87 to 9.
That was the vote in the U.S. Senate on an amendment to the Transportation and Housing and Urban Development appropriations bill that blocks funds from being “used by the Department of Housing and Urban Development to direct a grantee to undertake specific changes to existing zoning laws as part of carrying out the final rule entitled ‘Affirmatively Furthering Fair Housing’ or the notice entitled ‘Affirmatively Furthering Fair Housing Assessment Tool.’”
While that is definitely not the language by Sen. Mike Lee (R-Utah) and supported by Sen. Richard Shelby (R-Ala.), Americans for Limited Government and others, which would have completely defunded all implementation of the regulation, what the Senate did was not altogether completely horrible either.
The HUD regulation in question, “Affirmatively Furthering Fair Housing” (AFFH) currently conditions $3 billion of yearly community development block grants on 1,200 recipient cities and counties rezoning neighborhoods along income and racial guidelines.
Specifically, it does so by directing municipalities “to examine relevant factors, such as zoning and other land-use practices that are likely contributors to fair housing concerns, and take appropriate actions in response” as a condition for receipt of the block grants.
So, it is conceivable that a federal judge could read the language and say it prevents the Department of Housing and Urban Development (HUD) from conditioning the community development block grants on making changes to zoning.
But it may not do so completely.
As Shelby noted on May 19 on the Senate floor the flaws of the Senate-passed amendment: “Make no mistake, the so-called Affirmatively Furthering Fair Housing rule will likely heavily influence local zoning decisions. However, it does so… indirectly, not through direct action. HUD advertises this fact on its own website where it details how communities will have to submit for approval an assessment of fair housing and that these communities will use the fair housing goals and priorities established in their assessment to inform the investments and other decisions made in their local planning processes.”
“In other words,” Shelby continued, “HUD does not intend to direct any specific zoning requirements. It does, however, Mr. President, intend to significantly influence local zoning decisions by withholding approval of local plans until they meet HUD’s central planning goals. This amendment is not sufficient on its own.”
Meaning the language the Senate passed may only offer false comfort for cities and counties as it may not disarm all of HUD’s conditions for receiving community development block grants.
The Lee amendment for its part was tabled by a Senate vote of 60 to 37. But that is not the end of the story, noted Americans for Limited Government President Rick Manning in a statement.
“One possible pinpoint of light is the Senate including language that restates current law prohibiting the federal government from directly setting zoning policy for municipalities, this time via AFFH,” said Manning adding, “While little more than a political fig leaf amendment, it is Americans for Limited Government’s hope that this limiting language will provide municipalities and counties a small, legal foothold to resist HUD coercion to condition the community development block grants on submission of HUD-approved local zoning plans.”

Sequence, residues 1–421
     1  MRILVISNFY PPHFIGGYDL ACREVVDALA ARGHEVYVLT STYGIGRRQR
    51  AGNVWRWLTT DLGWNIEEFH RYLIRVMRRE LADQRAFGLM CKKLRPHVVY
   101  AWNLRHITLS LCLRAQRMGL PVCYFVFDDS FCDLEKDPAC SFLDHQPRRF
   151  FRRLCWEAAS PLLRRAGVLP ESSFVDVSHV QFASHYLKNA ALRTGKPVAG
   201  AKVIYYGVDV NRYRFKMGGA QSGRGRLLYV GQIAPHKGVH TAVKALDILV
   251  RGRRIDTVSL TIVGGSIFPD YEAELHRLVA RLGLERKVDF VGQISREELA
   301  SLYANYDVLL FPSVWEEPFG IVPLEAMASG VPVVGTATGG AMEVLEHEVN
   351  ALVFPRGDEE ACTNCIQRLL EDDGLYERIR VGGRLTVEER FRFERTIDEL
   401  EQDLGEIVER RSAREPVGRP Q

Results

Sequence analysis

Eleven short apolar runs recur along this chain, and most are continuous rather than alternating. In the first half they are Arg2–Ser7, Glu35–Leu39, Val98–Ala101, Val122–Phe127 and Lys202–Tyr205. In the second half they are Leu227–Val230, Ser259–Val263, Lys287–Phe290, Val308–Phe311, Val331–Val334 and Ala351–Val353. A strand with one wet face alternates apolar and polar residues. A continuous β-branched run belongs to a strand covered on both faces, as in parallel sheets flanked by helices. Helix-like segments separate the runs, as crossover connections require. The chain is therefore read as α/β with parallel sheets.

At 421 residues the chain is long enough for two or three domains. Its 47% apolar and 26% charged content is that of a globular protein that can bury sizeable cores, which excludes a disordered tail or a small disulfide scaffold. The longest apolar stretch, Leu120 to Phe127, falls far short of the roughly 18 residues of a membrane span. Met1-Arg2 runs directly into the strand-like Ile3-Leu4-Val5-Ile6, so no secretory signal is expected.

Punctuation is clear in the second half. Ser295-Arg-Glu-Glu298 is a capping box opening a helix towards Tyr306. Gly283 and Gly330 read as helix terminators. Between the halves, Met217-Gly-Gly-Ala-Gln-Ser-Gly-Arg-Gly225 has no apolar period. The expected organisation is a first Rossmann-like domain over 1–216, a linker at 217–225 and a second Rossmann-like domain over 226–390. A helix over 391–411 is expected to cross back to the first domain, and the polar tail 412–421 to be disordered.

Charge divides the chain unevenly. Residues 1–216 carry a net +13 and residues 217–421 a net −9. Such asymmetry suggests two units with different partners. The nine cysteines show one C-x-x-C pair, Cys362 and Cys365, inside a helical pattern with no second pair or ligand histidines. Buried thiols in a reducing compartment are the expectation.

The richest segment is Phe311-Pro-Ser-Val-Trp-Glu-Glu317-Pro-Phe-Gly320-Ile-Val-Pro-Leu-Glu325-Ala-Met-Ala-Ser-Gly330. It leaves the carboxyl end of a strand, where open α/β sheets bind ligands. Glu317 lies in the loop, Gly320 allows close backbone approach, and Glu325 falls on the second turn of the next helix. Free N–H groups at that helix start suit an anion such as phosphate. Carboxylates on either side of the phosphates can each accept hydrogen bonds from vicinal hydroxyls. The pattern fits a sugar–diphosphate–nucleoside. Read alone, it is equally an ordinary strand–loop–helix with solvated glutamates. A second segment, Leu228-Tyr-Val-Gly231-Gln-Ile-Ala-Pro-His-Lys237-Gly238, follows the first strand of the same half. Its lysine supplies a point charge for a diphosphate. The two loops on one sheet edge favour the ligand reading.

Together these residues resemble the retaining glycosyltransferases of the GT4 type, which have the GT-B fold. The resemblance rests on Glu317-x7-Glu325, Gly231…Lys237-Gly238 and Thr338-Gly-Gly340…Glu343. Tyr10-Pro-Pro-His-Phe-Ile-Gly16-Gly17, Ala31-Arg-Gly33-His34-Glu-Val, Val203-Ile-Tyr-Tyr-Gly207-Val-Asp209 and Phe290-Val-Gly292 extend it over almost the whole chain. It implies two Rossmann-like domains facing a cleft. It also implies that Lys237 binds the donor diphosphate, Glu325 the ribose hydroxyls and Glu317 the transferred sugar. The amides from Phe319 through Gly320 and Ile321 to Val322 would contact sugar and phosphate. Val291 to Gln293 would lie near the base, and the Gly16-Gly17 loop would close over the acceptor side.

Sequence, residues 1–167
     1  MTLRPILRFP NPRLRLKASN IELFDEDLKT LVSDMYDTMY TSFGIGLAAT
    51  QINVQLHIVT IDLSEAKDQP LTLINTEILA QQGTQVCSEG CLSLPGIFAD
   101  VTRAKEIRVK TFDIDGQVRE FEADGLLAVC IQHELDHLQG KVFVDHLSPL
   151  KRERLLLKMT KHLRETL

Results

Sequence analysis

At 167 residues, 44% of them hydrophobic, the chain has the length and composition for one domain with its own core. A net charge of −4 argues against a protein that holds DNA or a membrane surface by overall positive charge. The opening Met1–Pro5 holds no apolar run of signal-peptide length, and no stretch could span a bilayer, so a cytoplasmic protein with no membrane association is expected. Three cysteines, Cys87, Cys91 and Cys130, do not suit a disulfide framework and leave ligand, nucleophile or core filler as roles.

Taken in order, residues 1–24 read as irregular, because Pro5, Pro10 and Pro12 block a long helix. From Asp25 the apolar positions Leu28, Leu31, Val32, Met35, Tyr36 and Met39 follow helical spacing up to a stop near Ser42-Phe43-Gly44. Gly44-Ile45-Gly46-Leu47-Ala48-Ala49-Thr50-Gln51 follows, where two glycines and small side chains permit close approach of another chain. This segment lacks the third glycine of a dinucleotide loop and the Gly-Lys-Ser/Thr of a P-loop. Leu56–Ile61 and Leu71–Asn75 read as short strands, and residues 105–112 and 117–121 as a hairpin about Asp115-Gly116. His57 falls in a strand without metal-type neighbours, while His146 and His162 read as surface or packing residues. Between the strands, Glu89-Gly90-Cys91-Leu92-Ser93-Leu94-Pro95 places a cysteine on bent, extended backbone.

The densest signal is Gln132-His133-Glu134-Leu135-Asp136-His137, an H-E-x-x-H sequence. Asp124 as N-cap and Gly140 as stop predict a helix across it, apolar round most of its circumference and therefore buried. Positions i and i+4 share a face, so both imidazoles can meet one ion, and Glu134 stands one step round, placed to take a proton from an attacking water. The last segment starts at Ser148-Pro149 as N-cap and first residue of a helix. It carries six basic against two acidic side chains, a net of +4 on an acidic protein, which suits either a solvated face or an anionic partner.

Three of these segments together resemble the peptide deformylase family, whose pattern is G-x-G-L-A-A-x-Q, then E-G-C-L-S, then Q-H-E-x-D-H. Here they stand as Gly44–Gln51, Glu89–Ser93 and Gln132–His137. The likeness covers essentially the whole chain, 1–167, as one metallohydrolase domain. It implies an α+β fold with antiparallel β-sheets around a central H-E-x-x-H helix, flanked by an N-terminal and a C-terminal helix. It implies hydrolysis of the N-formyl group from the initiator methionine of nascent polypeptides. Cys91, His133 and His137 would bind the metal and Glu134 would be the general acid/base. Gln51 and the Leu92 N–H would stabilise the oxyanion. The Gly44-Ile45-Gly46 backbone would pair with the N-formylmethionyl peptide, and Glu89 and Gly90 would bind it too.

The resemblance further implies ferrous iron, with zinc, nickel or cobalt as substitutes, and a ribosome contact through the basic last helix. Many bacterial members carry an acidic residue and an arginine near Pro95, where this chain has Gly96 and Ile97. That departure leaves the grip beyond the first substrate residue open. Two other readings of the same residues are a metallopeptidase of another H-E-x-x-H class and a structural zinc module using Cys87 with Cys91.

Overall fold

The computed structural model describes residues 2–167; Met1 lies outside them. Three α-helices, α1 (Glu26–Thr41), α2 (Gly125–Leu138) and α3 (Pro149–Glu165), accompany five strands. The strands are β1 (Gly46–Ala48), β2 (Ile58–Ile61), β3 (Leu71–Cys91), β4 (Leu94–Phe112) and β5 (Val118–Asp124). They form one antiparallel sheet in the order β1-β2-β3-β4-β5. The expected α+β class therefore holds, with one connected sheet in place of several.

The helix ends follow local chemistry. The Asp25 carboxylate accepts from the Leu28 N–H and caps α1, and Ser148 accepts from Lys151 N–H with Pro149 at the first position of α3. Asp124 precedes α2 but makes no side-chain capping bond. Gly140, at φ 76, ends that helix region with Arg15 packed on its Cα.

Manning also noted that the politics on the issue still favor AFFH opponents: “The fact that so many Democrats voted for this amendment proves that the politics of a centrally planned zoning policy by HUD are abysmal. They better hope that the Senate-passed language actually bars HUD from using the community development block grants to set local zoning policy, otherwise the 2018 Senate midterms could prove brutal for those who offered false hope that this vast overreach was being reined in.”
In total, 34 Senate Democrats voted in favor of the premise that HUD should not be setting local zoning rules. That is actually a political victory for those who oppose the HUD overreach. Why? Now they’re married to it.
If the Senate language stands, a few years from now AFFH could prove hard to defend for members who voted to table the Lee amendment. Particularly, the moment a county or city comes back to Congress complaining that HUD is still conditioning community development block grants on rezoning along racial and income guidelines — even with the new Senate-passed language.
But the language is not law yet, and there should be at least two more bites at the apple in terms of crafting a final version of the defund. Companion legislation is moving though the House of Representatives, where action is again expected on an amendment by Rep. Paul Gosar (R-Ariz.) to defund AFFH and the AFFH Assessment Tool completely. That measure has passed the House the past two years.
Now that the Senate has also acted against the regulation, assuming the Gosar amendment passes the House again, that would mean that the House and Senate language would still need to be reconciled. That is why what the Senate did, even as the provision was watered down, was an important first step to blocking the HUD takeover of neighborhoods. Even small victories count, but this fight is not over yet. Stay tuned.